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RECENT COCKTAILS: MARCH 6, 2013
Herbal liqueur, Batavia Arrack, Celery bitters, Lime juice, Pineapple syrup, Pineapple juice
Tequila, Ginger liqueur, Crème de Violette, Honeydew melon juice
Tennessee whiskey, Aromatized wine, Suze, Lemon peel
Light rum, Lime juice, Simple syrup, Strawberry preserves, Orange flower water
MARCH 5, 2013
Bourbon, Mezcal, Bitters, Piloncillo syrup, Grapefruit peel
Old Tom Gin, Aromatized wine, Apricot liqueur, Grapefruit bitters, Bitters
Walnut Liqueur, Rye, Zirbenz Stone Pine Liqueur, Orange bitters, Mezcal
Gin, Dry apricot brandy, Bianco Vermouth, Orange bitters
MARCH 4, 2013
Rum, Calvados, Falernum, Bitters, Lemon juice, Lemon
Gin, Herbal liqueur, Zirbenz Stone Pine Liqueur, Lime juice, Simple syrup

A Spontaneous Libation for your Consideration

From the Knowledge Vault

Craft Cocktail Making: Theory and Structure of Acidity

The dividing line between a cocktail enthusiast and a craft cocktail aficionado is knowledge. Anyone can enjoy a cocktail, and with enough time spent at or behind a bar, attain a good enough working knowledge of brands and flavors of alcohol. Some of these people go on to create a new cocktail, usually starting with a common drink or ratio of spirits to other ingredients and tweaking them to make something pleasant.

Alas, this approach lacks repeatability in creating quality craft cocktails. Craft cocktails are not dump buckets for every neon colored, super sweet liqueur that your distributor is pushing. And they are not made to mask the flavor of alcohol, but to support and sustain it.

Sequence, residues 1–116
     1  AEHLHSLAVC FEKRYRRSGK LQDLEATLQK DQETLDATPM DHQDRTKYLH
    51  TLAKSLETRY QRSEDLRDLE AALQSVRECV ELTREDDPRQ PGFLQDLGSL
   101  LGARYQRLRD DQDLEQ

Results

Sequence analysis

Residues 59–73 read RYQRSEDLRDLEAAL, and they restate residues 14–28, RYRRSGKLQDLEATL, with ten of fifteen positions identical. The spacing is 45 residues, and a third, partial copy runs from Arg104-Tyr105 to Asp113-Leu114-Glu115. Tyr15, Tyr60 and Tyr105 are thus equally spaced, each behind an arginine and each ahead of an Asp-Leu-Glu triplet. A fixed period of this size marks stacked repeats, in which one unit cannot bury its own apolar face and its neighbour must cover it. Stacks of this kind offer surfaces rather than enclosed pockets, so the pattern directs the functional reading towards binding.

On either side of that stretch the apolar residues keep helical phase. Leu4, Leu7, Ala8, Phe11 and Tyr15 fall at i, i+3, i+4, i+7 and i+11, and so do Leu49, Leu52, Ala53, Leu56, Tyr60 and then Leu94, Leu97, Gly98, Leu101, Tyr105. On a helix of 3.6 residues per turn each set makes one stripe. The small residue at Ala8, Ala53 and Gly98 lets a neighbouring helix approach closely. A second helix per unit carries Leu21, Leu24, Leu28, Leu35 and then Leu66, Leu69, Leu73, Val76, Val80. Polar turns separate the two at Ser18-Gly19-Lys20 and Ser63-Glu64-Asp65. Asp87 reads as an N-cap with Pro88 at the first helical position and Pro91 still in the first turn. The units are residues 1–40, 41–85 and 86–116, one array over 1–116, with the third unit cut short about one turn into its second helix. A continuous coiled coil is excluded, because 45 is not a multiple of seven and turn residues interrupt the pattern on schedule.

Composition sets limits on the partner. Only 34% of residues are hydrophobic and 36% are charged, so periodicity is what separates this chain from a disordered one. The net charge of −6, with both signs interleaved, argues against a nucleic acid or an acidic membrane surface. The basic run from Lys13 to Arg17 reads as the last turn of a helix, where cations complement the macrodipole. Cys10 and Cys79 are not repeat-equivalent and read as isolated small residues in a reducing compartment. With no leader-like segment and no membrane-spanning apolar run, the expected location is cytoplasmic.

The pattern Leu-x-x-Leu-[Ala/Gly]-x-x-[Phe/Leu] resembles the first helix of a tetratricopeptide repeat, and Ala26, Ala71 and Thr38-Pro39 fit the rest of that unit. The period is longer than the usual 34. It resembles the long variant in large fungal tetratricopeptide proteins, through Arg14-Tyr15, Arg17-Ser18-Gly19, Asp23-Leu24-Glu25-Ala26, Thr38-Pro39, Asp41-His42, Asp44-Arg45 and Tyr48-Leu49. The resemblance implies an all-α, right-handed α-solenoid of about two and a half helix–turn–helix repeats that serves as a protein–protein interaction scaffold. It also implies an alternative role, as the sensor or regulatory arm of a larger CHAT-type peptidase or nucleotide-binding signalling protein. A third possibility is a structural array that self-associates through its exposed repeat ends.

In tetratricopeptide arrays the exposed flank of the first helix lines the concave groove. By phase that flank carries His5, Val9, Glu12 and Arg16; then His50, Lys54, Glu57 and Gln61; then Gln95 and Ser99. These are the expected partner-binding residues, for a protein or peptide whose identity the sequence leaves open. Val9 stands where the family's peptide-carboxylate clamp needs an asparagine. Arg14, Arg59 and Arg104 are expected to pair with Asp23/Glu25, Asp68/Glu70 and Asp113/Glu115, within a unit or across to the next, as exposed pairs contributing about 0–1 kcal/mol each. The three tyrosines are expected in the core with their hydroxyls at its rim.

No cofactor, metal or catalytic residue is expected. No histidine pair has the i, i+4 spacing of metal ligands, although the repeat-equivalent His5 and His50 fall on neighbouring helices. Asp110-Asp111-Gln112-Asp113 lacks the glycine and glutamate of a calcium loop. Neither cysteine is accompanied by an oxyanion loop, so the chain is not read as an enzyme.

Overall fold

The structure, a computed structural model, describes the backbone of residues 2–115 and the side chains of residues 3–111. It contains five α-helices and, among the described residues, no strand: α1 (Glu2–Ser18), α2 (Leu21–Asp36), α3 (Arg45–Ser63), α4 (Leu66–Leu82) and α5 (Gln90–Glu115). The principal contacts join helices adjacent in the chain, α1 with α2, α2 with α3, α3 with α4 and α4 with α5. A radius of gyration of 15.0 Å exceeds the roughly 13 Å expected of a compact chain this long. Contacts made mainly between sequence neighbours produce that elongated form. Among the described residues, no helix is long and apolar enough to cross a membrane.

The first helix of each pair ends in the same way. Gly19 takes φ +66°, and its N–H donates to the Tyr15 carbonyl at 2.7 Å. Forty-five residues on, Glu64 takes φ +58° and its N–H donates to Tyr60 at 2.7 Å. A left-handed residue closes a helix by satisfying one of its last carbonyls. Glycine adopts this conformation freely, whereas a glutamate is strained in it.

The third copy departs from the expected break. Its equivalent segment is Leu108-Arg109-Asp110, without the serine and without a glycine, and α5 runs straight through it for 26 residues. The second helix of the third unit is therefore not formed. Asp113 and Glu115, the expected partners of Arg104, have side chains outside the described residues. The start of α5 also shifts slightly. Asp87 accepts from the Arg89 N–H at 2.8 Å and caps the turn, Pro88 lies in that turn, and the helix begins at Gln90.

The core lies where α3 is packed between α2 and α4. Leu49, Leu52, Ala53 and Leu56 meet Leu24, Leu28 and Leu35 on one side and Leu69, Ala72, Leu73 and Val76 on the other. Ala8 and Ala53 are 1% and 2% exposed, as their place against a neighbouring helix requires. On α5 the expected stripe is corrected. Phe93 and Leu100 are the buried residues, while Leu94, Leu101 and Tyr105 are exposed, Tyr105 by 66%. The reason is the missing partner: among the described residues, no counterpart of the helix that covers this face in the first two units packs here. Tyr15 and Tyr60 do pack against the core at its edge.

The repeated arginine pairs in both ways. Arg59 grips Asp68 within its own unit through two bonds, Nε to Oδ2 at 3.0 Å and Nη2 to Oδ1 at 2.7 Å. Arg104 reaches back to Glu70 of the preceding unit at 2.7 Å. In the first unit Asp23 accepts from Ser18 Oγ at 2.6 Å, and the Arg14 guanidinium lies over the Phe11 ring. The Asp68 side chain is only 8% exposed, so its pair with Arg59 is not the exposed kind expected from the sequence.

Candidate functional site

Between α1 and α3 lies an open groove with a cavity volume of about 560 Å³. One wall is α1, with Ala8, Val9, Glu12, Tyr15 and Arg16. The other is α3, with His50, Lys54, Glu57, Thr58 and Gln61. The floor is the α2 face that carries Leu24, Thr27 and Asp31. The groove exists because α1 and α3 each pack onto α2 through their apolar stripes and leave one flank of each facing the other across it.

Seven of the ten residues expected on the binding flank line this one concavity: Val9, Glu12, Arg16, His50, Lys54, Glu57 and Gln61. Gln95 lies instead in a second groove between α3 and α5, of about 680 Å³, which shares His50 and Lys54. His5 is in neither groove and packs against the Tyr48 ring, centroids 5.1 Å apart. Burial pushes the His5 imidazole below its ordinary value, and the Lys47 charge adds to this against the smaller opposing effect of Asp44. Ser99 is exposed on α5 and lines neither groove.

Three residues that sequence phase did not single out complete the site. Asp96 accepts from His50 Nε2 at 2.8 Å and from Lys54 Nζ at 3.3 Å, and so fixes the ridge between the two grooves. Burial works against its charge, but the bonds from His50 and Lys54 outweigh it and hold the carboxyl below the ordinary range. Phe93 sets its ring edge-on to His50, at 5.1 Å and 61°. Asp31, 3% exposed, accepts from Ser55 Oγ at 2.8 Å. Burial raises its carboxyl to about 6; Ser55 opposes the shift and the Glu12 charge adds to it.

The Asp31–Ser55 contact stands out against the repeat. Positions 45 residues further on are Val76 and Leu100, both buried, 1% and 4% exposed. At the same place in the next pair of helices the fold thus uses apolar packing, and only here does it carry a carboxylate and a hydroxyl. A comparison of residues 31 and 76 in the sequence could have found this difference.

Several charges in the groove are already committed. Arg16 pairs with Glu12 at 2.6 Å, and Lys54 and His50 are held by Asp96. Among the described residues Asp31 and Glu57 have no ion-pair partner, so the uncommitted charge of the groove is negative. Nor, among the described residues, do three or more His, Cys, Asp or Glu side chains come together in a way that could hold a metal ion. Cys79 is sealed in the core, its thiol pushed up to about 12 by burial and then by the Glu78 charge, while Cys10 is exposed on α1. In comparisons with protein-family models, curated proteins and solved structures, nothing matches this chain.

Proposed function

Combinations that should work based on the flavors of the components often fail to impress in the glass due to a lack of understanding of those same component's structural elements. Skilled mixologists construct cocktails from some basic building blocks: alcohol, sugar, acidity, and bitterness. A thorough understand of these primary elements can help craft cocktail designers make great drinks with a minimum of waste and trial and error.

Acidity

The cocktail dates back to the earliest parts of the 19th century. The original contained no acidic agents – just a simple mix of spirit, sugar, water, and bitters. But by 1862, Jerry Thomas had entire sections for Sours, Fixes, and Daisies, all of which featured acidity prominently. Certainly, the use of spirit-plus-acidity dates back to the 18th century Punch, which were spirit, water, lemon and sugar, with some other ingredients added for flavoring.

Recent Additions

  • Pirueta — Blanco tequila, Sotol, Celery bitters, Ancho Reyes Verde chile liqueur, Grenadine, Cocktail onion
  • King Louie — Bonal Gentiane Quina, Rye, Cognac, Crème de Banane, Bitters, Lemon peel
  • Big Spender — Cognac, Pineapple rum, Drambuie, Fernet Branca, Orange peel
  • Autumn in the Poconos — Applejack, Pear liqueur, Allspice Dram, Bitters, Apple Shrub
  • PhysTherapy — Pisco, Amarula Cream, Crème de Violette, Herbal liqueur, Ginger syrup

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